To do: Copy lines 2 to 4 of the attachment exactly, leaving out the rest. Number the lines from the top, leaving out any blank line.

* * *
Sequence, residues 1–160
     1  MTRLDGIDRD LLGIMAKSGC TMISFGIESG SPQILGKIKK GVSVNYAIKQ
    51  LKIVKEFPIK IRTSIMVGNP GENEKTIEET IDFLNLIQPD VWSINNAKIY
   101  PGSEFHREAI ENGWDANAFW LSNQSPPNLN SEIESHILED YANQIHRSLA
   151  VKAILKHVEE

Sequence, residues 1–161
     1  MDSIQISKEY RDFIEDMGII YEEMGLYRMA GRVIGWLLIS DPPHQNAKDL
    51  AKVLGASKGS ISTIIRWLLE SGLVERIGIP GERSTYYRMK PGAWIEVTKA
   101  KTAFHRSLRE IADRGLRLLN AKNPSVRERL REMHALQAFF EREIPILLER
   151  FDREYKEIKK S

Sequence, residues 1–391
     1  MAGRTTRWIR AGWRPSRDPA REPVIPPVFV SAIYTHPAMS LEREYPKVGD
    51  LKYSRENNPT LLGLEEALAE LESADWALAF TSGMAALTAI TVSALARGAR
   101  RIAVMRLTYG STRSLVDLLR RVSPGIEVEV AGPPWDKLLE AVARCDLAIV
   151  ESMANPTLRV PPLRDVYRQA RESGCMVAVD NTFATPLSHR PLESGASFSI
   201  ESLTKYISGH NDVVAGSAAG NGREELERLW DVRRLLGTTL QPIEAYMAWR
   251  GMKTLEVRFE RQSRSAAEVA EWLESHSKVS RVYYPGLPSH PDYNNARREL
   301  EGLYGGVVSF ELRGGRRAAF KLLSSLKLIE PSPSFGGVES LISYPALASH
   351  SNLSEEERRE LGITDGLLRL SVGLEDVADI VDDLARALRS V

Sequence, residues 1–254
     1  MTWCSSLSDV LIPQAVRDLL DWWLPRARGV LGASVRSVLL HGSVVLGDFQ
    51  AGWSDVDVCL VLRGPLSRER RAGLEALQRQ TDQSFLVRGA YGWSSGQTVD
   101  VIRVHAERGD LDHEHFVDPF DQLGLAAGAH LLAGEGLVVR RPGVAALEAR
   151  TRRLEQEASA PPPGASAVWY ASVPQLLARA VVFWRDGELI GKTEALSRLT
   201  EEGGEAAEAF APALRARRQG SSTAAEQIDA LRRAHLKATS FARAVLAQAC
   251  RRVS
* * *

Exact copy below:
     1  MTRLDGIDRD LLGIMAKSGC TMISFGIESG SPQILGKIKK GVSVNYAIKQ
    51  LKIVKEFPIK IRTSIMVGNP GENEKTIEET IDFLNLIQPD VWSINNAKIY
   101  PGSEFHREAI ENGWDANAFW LSNQSPPNLN SEIESHILED YANQIHRSLA